GOES-16 is the newest satellite to be launched into space. NOAA has made many improvements to the satellite and improved its ability to track hurricanes, thunderstorms, wildfires, air quality, aviation flight plans, solar flares, and even help map lightning. One of the other neat features that is newer with this satellite is how frequently scientists can receive images. GOES-16 takes images of the Western Hemisphere every 15 minutes, the Continental US every 5 minutes, and severe weather every 30 to 60 seconds. Scientists have already started getting images back from the new satellite and are starting to conduct research and analysis on these images. The Regional and Mesoscale Meteorology Branch of NOAA/NESDIS is located at Colorado State University in Fort Collins, CO, and is one research group that is doing just that. One cool feature they have on their website is the GOES-16 Loop of the Day. There are many fascinating loops you can check out, but here are just a few!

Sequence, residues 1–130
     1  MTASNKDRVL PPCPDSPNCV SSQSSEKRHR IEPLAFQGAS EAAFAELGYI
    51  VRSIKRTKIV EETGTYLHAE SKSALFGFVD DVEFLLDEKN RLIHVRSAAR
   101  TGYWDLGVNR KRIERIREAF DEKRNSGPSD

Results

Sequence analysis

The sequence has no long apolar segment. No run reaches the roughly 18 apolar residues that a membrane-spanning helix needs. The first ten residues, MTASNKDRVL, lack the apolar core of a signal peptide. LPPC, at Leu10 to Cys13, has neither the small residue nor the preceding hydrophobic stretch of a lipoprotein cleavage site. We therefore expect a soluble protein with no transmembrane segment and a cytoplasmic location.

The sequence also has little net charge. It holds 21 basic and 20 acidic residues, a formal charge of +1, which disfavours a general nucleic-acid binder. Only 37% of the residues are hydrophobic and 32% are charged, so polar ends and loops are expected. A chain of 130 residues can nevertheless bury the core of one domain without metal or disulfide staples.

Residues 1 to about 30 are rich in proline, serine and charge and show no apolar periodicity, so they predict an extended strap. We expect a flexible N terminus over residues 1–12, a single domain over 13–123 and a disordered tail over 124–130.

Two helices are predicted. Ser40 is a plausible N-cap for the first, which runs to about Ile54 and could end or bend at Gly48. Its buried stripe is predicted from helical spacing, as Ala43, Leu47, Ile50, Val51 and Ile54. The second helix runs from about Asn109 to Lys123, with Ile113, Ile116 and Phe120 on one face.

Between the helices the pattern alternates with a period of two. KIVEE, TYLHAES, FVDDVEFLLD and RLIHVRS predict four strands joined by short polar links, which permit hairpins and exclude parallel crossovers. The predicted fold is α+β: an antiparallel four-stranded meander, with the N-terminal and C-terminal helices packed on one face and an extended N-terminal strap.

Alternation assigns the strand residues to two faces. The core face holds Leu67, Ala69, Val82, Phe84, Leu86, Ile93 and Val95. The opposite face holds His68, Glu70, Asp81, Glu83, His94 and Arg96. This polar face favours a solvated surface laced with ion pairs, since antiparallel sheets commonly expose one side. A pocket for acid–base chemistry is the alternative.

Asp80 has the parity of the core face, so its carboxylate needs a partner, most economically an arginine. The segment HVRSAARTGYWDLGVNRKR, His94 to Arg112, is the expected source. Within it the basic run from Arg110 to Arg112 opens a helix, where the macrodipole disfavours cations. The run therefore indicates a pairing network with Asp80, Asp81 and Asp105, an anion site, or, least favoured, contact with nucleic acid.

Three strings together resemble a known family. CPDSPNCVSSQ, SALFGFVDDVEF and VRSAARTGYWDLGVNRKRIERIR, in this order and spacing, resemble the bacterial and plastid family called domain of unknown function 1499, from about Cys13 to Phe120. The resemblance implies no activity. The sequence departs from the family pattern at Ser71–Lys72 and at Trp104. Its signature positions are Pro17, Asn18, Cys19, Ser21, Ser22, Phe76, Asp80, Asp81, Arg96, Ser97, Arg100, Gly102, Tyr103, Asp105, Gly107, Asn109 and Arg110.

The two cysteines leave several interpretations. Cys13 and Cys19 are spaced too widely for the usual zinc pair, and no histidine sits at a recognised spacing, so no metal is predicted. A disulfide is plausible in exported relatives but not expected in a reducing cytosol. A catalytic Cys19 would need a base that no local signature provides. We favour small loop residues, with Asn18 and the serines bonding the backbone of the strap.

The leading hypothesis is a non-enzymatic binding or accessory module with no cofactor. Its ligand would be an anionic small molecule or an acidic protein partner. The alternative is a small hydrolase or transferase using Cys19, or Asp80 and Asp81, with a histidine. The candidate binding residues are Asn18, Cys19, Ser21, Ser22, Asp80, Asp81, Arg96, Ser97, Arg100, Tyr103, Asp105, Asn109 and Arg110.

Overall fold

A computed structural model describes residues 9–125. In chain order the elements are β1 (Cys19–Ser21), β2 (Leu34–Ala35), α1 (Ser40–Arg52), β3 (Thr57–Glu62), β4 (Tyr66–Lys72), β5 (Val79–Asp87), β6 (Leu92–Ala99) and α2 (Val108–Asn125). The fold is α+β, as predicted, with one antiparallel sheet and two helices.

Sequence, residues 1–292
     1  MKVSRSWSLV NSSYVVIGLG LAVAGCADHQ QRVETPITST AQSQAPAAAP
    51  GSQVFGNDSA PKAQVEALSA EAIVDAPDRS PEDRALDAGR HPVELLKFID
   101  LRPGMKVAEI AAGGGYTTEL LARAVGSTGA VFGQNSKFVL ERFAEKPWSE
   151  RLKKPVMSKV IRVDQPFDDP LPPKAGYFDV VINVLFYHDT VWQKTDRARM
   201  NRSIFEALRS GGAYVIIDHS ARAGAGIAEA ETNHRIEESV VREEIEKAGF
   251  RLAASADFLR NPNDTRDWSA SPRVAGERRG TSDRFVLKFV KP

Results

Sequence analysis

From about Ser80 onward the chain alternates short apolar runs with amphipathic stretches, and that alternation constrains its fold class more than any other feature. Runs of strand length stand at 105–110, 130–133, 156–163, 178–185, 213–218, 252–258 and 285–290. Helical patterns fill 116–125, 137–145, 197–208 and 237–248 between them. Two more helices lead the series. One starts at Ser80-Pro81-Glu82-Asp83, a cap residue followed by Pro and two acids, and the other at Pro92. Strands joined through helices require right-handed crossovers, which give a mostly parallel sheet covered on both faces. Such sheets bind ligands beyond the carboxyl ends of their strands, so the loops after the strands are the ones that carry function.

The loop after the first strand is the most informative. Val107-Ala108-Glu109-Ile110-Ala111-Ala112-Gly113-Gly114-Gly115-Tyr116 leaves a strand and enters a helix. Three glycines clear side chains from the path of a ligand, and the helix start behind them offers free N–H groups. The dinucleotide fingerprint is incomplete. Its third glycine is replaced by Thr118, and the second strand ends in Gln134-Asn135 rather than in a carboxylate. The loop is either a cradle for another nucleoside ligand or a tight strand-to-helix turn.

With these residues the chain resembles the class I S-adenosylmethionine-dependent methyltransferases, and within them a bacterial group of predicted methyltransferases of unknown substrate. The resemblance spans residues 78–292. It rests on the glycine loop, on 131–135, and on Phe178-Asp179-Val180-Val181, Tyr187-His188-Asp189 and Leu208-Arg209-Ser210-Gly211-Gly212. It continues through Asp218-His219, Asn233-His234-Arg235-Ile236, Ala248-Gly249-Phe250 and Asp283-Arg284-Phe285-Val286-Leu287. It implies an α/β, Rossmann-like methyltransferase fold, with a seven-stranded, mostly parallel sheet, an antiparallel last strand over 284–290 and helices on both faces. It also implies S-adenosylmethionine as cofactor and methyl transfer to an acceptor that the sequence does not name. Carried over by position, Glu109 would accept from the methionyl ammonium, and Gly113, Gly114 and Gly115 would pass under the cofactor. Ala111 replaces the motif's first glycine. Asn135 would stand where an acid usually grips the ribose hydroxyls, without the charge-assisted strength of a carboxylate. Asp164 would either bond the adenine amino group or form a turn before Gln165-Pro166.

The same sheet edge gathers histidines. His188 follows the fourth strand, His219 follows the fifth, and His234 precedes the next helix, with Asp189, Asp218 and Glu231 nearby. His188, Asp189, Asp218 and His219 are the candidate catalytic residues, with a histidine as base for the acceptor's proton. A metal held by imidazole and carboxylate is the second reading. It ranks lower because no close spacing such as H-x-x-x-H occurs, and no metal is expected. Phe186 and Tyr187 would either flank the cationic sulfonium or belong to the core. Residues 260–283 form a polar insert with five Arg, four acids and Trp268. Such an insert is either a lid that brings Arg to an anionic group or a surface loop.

The loop from August 7th shows Tropical Storm Franklin approaching the Yucatan Peninsula. The swirling cloud bands around the main circulation are very visible in this one minute image loop.
Check out these fascinating clouds rolling over Lake Superior on the loop from July 10th! These clouds are called undular bores and are a type of a gravity wave.
Or, you can see fog forming in the valleys early in the morning on this loop from June 8th. You are able to see the fog linger in the valleys of New York and Pennsylvania before dissipating just after sunrise.
These image loops are preliminary as this is non-operational data, but it is still amazing to see what kind of groundbreaking images we have to look forward to once GOES-16 does become operational.
-Post contributed by WANE Weather Intern Erika Goshorn